|"Former Haitian dictator Jean-Claude 'Baby Doc' Duvalier, who is to face trial for corruption." (Eduardo Munoz/Reuters)|
Reuters dispatch in The Guardian, January 31, 2012
"Former Haitian dictator Jean-Claude 'Baby Doc' Duvalier will face trial for corruption but not for human rights abuses, the judge handling the case said on Monday. A 20-page ruling on the charges was delivered to the government prosecutor's office on Monday, Carves Jean, the judge responsible for investigating the case, told Reuters. It does not include charges for the murders, disappearances, torture and other rights abuses allegedly committed during Duvalier's 15-year rule. 'I did not find enough legal grounds to keep human rights charges and crimes against humanity against him,' he said. 'Now my job is over. The case is no longer in my hands.' Duvalier would face up to five years in prison if convicted of corruption. No trial date has yet been set. Duvalier inherited power from his father, François 'Papa Doc' Duvalier in 1971 and ruled Haiti until he was overthrown in 1986. Under the father-and-son dictatorship, thousands of people were murdered, or tortured in jails, such as the dreaded Fort Dimanche.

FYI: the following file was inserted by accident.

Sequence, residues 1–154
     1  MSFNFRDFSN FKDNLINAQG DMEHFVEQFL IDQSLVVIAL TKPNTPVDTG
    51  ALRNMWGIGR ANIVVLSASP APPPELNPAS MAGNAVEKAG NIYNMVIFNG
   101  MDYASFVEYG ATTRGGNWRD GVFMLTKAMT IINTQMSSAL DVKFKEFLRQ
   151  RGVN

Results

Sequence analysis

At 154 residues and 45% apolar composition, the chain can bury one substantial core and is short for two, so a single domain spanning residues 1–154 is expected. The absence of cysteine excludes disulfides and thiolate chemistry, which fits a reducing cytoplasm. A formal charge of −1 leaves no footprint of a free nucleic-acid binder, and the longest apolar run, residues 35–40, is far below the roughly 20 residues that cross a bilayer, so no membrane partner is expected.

Duvalier, now 60, made a surprise return to his earthquake-stricken homeland in January last year after nearly 25 years in exile in France, opening himself up to possible prosecution. Although the ruling is a setback for human rights victims and advocates, it marks a victory for those seeking punishment for Duvalier's alleged crimes who had feared that the judge would drop all charges. It would also appear to quash any hopes of a political comeback by the former dictator -- at least for the time being -- as his lawyers battle with the legal challenge. One of his lawyers said Duvalier would appeal the decision to send him to trial. Duvalier is also alleged to have embezzled between $300m (£191m) and $800m of assets during his presidency. The Swiss government has sought to confiscate assets valued at 5.8m Swiss francs (£4m). It wants to return the funds to Haiti, which is the poorest country in the Americas and is struggling to recover from an earthquake in 2010 that killed more than 200,000 people. [...]"